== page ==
Originally created 09/15/03

'Ali & Jack' premieres Monday morning



NEW YORK -- On Monday morning, as Regis and Kelly seat themselves before the cameras for the venerable "Live," another pair of co-hosts just a few blocks away will be launching their own live, syndicated daytime talk show.

Say hello to "Living It Up! with Ali & Jack" (Monday, 9 a.m., WJBF-TV).

Ali Wentworth, 36, is a pretty, quick-witted actress and comic whose credits include the Fox sketch-comedy series "In Living Color," the films "Office Space" and "The Love Bug," and a road-tripping feature for "The Tonight Show with Jay Leno."

Jack Ford, 52, who resembles a younger, strikingly handsome version of the actor William Devane, is a former trial lawyer who during two decades in TV news reported for NBC, then for ABC as anchor-correspondent on "Good Morning America" and "20/20."

Ali is a charming cutup. Jack is easygoing. Even during lunch with a reporter last month, before any test shows had been taped, Ali & Jack displayed the sort of chemistry befitting the ampersand that links them.

"I got her phone number off the wall at the Port Authority," Jack replies when asked what brought them together & Ali, not missing a beat, recites the message he found: "Looking for a co-host: 50s, gray hair, good-looking."

The truth is a little more routine. King World, producers of the series, reckoned there was room in the TV universe for a twist on the Regis Philbin-Kelly Ripa standard. There were lots of auditions. It was Ali & Jack who clicked.

"We were fortunate," says Jack. "We got along right away. Besides, we reflect different backgrounds and where we are in our lives. My kids are 21 and 17. Ali's daughter is a baby. All that lends itself to good conversation."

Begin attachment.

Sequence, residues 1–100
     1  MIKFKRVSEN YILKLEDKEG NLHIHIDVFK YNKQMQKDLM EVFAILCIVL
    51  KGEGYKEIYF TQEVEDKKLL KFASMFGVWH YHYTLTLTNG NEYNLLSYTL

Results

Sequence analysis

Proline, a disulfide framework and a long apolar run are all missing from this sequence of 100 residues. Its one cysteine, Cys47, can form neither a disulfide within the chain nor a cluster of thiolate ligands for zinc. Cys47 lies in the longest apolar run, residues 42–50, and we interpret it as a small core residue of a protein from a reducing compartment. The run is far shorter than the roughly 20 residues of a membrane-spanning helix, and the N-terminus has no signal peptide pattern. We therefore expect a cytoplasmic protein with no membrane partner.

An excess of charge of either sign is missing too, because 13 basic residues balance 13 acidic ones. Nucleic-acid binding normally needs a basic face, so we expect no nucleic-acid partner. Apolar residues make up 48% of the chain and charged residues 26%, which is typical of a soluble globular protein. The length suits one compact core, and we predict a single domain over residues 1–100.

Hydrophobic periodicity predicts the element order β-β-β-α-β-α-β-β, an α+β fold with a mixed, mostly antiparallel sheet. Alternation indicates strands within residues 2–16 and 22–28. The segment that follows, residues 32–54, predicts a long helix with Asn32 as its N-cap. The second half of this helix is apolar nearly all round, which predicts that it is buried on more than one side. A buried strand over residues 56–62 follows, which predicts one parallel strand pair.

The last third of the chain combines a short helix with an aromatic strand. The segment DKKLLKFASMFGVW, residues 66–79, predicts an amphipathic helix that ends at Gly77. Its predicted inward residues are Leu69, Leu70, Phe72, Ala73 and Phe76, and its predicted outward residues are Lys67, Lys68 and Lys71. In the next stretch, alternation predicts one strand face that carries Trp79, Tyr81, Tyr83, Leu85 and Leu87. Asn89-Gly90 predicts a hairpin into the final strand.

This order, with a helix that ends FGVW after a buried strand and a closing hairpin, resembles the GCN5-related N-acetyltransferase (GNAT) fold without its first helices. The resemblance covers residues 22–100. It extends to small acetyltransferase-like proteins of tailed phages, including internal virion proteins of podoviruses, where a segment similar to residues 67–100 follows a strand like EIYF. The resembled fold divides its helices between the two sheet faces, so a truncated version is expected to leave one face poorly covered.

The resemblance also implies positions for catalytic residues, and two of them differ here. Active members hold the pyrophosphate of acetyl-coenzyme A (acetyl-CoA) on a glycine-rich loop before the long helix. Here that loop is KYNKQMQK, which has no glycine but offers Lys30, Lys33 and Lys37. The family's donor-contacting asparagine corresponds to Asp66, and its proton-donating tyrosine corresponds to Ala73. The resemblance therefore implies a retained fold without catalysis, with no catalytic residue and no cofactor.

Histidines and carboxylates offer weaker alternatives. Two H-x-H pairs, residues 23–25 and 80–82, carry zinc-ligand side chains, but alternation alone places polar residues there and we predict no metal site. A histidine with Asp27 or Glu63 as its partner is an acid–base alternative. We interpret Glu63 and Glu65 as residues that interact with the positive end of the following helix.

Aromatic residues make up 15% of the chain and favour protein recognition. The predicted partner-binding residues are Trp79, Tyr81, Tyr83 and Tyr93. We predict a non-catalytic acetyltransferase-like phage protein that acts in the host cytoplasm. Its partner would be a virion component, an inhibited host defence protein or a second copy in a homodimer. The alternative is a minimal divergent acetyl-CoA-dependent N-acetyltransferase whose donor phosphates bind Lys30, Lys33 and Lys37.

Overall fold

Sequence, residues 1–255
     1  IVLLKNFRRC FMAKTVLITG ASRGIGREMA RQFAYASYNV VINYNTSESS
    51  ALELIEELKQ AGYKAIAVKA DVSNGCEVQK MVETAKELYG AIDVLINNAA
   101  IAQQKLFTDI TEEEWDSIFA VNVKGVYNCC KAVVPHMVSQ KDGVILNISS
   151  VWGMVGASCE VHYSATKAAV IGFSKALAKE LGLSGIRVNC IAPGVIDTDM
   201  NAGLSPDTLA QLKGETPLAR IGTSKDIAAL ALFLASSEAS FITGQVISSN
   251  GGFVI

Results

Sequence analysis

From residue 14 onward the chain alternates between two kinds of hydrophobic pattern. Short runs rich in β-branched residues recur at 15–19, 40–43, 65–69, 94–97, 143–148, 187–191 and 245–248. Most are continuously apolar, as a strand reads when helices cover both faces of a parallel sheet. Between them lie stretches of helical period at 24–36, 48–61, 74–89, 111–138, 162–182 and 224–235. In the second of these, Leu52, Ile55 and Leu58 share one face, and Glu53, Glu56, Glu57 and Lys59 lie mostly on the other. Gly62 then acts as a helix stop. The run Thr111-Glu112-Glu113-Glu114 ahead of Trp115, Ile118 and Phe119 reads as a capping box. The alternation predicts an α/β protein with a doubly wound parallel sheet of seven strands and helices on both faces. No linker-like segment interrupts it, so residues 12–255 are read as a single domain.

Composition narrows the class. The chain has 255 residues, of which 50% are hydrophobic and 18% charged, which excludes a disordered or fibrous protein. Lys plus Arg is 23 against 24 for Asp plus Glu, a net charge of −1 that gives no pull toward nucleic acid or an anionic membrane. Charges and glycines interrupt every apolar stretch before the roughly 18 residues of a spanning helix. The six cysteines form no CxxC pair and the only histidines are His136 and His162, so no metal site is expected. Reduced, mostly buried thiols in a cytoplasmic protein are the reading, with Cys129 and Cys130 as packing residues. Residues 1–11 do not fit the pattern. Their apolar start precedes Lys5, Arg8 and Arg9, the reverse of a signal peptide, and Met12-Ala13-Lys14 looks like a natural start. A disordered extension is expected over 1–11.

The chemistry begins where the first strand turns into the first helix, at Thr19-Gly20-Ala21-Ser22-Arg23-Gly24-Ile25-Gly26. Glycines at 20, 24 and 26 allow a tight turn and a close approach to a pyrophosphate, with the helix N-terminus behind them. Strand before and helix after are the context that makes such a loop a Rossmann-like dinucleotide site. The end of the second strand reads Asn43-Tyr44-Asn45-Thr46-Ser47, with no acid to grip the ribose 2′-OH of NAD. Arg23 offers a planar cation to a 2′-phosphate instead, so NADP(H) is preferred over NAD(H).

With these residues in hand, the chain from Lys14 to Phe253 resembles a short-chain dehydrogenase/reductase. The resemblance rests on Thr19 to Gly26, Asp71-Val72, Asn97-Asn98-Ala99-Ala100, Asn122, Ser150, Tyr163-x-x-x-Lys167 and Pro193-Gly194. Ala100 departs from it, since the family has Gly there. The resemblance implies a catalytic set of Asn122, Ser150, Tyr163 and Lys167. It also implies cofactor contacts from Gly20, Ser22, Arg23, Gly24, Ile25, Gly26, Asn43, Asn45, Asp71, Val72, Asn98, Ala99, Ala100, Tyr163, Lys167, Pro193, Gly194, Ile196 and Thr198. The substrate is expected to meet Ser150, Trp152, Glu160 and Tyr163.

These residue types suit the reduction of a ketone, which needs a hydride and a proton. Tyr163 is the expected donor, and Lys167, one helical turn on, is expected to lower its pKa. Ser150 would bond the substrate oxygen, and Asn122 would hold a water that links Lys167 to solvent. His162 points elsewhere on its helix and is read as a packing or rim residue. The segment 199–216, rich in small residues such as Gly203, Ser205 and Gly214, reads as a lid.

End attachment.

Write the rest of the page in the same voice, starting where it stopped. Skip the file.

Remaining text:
If the formula (host chat, celebrity guests, studio audience, some comedy and music) sounds comfortably similar to "Live," Ali & Jack represent the X factor.

"We'll basically be Living It Up the whole hour," vows Ali, rolling her eyes.

"Not our favorite title," Jack agrees.

"We think somebody in the mailroom came up with it as a joke," says Ali, "and it stuck."

"When I told my family, 'Well, they're gonna go with Living It Up,' my son, who's in junior high school, said, 'Y'know, Dad, there's a Ja Rule song called Livin' It Up.' He says, 'I'll play it for you.' And it's the most obscenity-laden -"

"It's our theme song," Ali cuts in.

A native of Washington, D.C., Ali Wentworth was working in Los Angeles two years ago when she met and, shortly thereafter, wed George Stephanopoulos, a former adviser to President Clinton who became an ABC News correspondent.

"I moved East," she says, "then I got pregnant on our honeymoon. So I decided, 'I'm off the air for a while."' She flashes a comically demure smile. "I just thought, 'I'm gonna be Mrs. Stephanopoulos."'

Then, on a whim, she auditioned for a new talk show.

"But when I walked in eight months pregnant, I thought for sure they'd say, 'OK, thank you very much, goodbye."'

A native of Jersey City, N.J., Jack Ford had gone from practicing law to a job in 1983 as legal commentator for New York's CBS affiliate. He spent five years at NBC News as a correspondent and co-anchor of "Weekend Today," then moved to ABC in 1999.

Insisting he won't miss reporting now, Jack explains, "I was interested in doing something where I wouldn't be doing all that traveling. I still get to do live television, which I love to do, and I'm home for dinner every night. It's the perfect job for this time in my life."

"I love improv, I love spontaneity," says Ali. "But I don't think that my husband thought when we got married that I was gonna have a daytime talk show. I think he figured he was marrying an actress who would go to Prague and do a Merchant-Ivory film. He was thinking Gwyneth Paltrow. He ended up with Phyllis Diller."

Don't look for Stephanopoulos (who, as anchor of ABC's politics-focused "This Week," planned Sunday to unveil a new format for the broadcast, but not the new title "Living It Up! with George") to be a guest on his wife's show. He and Ali occupy opposite ends of the broadcasting spectrum, she observes.

"I don't exactly ask my husband how to punch up a joke, nor" - she adds with deft timing - "does he ask me ... you know ... ANYthing."

Happily for viewers, asking Ali anything, and getting it right back, is now Jack's fun new job.

On the Net:

www.aliandjack.com